Ohio -- Cases of a rare, but serious disease were found in our state, mostly in young children.
According to the Centers for Disease Control, Acute Flaccid Myelitis affects the nervous system and can weaken a person's muscles to the point of paralysis.
The Ohio Department of Health told Spectrum News 1 that there have been seven confirmed cases of AFM this year. Two of those cases were found this month. Of the seven affected by the virus, six are male and one is female. All seven are under the age of 13.
- The disease often mimics polio.
- Researchers are unsure of an exact cause.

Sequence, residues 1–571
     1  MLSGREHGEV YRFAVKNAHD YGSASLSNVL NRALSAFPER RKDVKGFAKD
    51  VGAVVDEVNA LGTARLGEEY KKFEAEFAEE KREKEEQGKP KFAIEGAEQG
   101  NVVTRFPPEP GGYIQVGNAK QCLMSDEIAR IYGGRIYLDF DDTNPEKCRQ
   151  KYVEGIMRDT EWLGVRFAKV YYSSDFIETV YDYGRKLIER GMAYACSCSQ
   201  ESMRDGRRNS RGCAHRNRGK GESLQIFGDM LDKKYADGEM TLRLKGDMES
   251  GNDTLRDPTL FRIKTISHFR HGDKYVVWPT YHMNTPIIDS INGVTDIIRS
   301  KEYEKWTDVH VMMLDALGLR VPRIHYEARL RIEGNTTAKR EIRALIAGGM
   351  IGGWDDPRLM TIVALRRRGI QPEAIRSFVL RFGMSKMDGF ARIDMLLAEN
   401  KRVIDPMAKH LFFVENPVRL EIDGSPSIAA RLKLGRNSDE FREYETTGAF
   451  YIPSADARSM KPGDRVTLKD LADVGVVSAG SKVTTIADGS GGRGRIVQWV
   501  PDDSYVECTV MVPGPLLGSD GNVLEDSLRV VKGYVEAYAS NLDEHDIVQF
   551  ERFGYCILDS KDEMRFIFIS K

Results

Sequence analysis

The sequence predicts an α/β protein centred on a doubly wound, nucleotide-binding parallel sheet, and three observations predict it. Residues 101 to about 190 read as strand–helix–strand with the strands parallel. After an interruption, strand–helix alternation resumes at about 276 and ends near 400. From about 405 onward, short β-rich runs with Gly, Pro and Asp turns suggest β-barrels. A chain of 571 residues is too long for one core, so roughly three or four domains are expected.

- No vaccine is available to treat it.
“Right now we don't have any immunization,” Jan Schwab, MD, PhD said.
Schwab is a neurological expert at The Ohio State University.
“The immunization would be the best prevention,” he said. “So far, it's kind of a new version of a virus and so we need to make or prevent spreading (and that) would require immunization and so far we don't have this immunization agent and this is quite hard too because children play together.”
The cases were found in Columbiana, Cuyahoga, Lorain, Lucas, Mercer, Pickaway and Warren counties.
While AFM is a serious disease, Schwab said you should not panic. The CDC estimates that one to two in one million children will get AFM every year.